Owning rental property can have numerous tax benefits and be overall financially rewarding. Without careful planning, however, your tax bill might shock you when you choose to sell your property. For this reason, selling a rental property while minimizing your tax hit becomes a high priority for many real estate investors.
There are a number of ways you can defer, reduce, or entirely avoid your tax burden when you sell a rental property. You can also utilize tactics like installment sales in order to distribute your taxes over a longer period of time.
Let’s check out what you need to know about minimizing your tax hit at the time of sale. After all, wouldn’t you rather re-invest your profits in other property or investments instead of writing a giant check to Uncle Sam?
Before we jump into how to minimize your tax hit when you’re selling a rental property, let’s take a quick look at why it might be time for you to sell.
Let’s be real for a minute. When you research owning rental properties online, a lot of time all you hear is the positive side of things. Investors fill up forums talking about the tax advantages of owning rentals, the passive income source, and the overall feeling of “winning” in one’s financial life.
That being said, a lot of people brush over the reality of what it means to be a landlord. Sure, being a landlord can range widely in terms of how involved you are. If you are renting out an apartment on your primary residence’s property and dealing with all of the management aspects yourself, being a landlord is going to be a much bigger part of your everyday life. On the other hand, if you hire out property management and take a hands-off approach to the whole thing, being a landlord is something that can exist more in the background of your focus.
Either way, though, being a landlord is a serious responsibility that shouldn’t be overlooked. The cost of upkeep for the property, the potential nightmare of bad tenants, the risk of vacancy, and much more are enough to leave you lying awake at night.
If being a landlord has left you totally overextended because you’re dealing with all of the management aspects on your own, there’s no shame in selling and moving on. Similarly, if you’re having consistent tenant problems, you live in a state where the landlord-tenant laws are dangerously tenant favored, or you simply don’t want to deal with the hassle anymore, it might be time to get your cash out and head in a different direction.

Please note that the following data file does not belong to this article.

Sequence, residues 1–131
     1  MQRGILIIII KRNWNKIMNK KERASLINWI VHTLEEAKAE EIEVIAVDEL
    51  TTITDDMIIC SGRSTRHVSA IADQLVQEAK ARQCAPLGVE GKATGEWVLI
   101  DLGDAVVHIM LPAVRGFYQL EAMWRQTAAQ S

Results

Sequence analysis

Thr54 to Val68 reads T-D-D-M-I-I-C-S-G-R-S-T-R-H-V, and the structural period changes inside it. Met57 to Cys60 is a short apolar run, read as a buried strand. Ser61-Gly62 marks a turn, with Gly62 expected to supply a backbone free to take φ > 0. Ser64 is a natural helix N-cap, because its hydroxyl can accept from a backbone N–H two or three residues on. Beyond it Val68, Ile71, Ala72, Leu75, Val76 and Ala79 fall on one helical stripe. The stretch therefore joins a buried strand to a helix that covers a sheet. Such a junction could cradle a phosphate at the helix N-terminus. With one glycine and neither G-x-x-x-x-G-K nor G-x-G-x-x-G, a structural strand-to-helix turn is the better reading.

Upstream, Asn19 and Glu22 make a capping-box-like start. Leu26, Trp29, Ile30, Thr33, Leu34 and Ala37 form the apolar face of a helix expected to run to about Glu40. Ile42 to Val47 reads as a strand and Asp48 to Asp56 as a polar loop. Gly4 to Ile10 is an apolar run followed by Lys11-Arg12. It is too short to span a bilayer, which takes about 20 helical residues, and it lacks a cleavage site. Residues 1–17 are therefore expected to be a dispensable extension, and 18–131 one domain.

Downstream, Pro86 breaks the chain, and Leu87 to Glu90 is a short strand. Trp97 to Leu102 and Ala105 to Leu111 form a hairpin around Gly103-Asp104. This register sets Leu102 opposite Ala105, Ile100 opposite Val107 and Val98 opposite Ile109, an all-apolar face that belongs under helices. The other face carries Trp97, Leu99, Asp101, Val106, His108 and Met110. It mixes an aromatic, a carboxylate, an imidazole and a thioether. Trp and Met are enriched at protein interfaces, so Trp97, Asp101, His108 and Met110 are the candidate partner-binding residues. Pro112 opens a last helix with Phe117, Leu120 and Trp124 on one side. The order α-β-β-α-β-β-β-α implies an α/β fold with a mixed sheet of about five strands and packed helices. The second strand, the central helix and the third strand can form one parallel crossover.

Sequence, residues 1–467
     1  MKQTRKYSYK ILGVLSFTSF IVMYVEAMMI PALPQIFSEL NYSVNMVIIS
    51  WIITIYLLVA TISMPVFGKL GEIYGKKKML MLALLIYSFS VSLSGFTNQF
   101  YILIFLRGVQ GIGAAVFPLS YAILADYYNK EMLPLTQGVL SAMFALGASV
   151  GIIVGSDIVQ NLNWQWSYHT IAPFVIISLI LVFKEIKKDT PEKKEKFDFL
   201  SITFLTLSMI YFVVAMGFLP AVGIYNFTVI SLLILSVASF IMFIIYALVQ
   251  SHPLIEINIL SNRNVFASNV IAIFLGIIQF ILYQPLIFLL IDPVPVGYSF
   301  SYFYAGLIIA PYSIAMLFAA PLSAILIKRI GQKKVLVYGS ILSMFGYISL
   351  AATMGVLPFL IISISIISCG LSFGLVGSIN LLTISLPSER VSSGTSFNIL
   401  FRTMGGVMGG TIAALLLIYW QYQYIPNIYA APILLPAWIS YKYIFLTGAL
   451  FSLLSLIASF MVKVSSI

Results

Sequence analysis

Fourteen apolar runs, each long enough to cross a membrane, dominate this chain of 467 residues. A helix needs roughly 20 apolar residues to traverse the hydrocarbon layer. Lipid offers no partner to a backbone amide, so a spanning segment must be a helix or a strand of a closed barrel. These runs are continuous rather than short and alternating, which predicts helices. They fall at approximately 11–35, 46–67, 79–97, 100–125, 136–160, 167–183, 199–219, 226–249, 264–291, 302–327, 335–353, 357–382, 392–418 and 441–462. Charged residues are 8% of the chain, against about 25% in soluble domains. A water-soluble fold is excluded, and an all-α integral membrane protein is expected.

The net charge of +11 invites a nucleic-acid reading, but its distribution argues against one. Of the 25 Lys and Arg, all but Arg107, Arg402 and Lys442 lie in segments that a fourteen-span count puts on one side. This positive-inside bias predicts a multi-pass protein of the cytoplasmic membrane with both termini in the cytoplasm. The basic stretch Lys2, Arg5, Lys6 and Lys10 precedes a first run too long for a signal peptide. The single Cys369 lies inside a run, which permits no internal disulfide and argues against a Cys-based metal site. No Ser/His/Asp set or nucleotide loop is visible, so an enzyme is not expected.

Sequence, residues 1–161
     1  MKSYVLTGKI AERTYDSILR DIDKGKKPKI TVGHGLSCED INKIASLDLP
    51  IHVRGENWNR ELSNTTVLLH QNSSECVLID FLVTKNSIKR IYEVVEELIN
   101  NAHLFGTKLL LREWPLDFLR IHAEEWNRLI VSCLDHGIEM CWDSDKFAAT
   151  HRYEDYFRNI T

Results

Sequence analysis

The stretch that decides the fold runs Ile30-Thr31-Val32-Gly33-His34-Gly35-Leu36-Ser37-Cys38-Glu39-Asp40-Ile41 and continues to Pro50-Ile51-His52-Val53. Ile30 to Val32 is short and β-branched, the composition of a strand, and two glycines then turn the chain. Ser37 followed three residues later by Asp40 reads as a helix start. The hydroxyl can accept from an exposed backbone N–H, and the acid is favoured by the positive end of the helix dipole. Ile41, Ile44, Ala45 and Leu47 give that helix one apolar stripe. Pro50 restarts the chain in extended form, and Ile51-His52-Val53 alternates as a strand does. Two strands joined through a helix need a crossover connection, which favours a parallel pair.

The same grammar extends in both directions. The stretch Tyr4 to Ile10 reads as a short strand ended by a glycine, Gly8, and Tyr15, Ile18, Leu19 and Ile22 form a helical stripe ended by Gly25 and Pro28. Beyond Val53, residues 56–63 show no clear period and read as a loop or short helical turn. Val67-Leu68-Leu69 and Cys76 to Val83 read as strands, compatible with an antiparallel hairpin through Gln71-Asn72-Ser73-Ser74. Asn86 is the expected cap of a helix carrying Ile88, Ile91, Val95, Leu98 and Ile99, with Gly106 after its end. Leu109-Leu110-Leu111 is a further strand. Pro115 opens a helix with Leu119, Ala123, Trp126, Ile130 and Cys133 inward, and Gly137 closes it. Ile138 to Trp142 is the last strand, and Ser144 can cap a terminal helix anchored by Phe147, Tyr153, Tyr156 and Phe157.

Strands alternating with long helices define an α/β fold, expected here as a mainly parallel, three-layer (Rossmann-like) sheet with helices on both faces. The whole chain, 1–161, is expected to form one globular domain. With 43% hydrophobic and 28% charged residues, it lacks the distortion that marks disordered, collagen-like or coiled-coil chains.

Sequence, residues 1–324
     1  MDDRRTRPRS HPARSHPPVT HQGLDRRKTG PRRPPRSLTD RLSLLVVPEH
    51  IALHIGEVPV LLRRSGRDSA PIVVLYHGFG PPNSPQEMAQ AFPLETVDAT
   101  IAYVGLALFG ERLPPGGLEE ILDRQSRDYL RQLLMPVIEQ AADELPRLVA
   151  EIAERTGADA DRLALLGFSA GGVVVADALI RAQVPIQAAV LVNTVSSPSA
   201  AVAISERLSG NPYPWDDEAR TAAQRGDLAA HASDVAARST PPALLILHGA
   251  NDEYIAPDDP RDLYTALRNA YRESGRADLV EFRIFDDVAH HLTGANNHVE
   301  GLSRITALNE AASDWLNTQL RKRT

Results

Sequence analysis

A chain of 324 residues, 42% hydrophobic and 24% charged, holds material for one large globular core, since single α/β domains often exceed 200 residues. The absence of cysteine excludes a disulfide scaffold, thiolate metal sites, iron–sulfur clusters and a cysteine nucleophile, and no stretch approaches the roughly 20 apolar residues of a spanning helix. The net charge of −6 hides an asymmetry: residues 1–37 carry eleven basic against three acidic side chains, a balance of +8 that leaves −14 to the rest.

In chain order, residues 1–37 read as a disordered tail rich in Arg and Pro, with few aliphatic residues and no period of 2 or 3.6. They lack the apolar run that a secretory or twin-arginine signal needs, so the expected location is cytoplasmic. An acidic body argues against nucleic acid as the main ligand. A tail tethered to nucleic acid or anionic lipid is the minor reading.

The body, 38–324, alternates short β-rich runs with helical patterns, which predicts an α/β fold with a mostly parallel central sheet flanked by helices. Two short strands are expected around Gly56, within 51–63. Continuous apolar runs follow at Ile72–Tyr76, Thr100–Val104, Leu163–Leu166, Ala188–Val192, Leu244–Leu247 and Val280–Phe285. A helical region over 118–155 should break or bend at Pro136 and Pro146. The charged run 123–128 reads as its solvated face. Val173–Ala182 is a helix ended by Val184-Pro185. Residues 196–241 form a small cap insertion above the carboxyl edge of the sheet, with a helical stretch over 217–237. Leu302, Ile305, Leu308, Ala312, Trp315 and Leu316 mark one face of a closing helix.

Maybe you’ve decided to sell your rental property because you stand to gain a healthy profit. While monthly rental income can be awesome, there’s nothing wrong with selling when the time (and the price) is right.
While owning a rental property can be awesome from a financial standpoint in some instances, in others the cost of operating the property can be more than it’s worth dealing with. Maybe your insurance, taxes, and utility costs have risen, or maybe the average rent in your area has decreased. Sometimes, both can happen at the same time.
If the numbers simply aren’t adding up anymore, you might decide to get out while you can.
If maintenance costs have gone up or your rental is in need of serious repair, you might choose to sell the property and let someone else incur those costs. While the need for major repairs will likely reduce how much you profit when you sell the place, you might decide that this is the best route for you to take.
Not everything is about money. There are a million reasons that you might want to sell your property that don’t have anything to do with cash flow, landlord-tenant law, or potential profit at the time of sale.
Maybe you just had a baby, got married, or are moving out of state. Maybe you’ve been dealing with a life transition that involves a health problem, a death in the family, or a divorce. Regardless of the reason, there are some life circumstances that might call you to shift your focus towards other things.
Streets, neighborhoods, and cities exist in a state of constant flux. It’s possible that your rental property seemed like a promising investment when you first purchased it, but now it seems like the winds have changed. Maybe you inherited a property that has been serving you well as a rental for a period of time, but you can smell that the area is starting to head south.
Maybe you have figured out a more lucrative passive income source and you want to put your resources towards that project, or perhaps you want to increase the diversity of your portfolio. At the end of the day, when your money is tied up in real estate, you can’t invest it elsewhere. While you obviously could choose to take out a loan with your property as collateral, you might still choose that selling is the best option on the table.